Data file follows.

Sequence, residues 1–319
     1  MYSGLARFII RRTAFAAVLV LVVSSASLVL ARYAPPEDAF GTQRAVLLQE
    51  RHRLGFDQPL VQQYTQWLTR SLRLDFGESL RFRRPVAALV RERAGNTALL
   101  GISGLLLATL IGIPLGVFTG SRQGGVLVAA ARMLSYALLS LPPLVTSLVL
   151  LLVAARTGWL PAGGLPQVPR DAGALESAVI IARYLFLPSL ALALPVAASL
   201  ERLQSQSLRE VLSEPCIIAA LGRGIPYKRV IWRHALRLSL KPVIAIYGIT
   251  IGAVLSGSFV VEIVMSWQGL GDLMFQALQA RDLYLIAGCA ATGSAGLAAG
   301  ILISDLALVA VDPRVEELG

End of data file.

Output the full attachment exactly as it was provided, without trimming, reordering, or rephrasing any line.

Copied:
Sequence, residues 1–319
     1  MYSGLARFII RRTAFAAVLV LVVSSASLVL ARYAPPEDAF GTQRAVLLQE
    51  RHRLGFDQPL VQQYTQWLTR SLRLDFGESL RFRRPVAALV RERAGNTALL
   101  GISGLLLATL IGIPLGVFTG SRQGGVLVAA ARMLSYALLS LPPLVTSLVL
   151  LLVAARTGWL PAGGLPQVPR DAGALESAVI IARYLFLPSL ALALPVAASL
   201  ERLQSQSLRE VLSEPCIIAA LGRGIPYKRV IWRHALRLSL KPVIAIYGIT
   251  IGAVLSGSFV VEIVMSWQGL GDLMFQALQA RDLYLIAGCA ATGSAGLAAG
   301  ILISDLALVA VDPRVEELG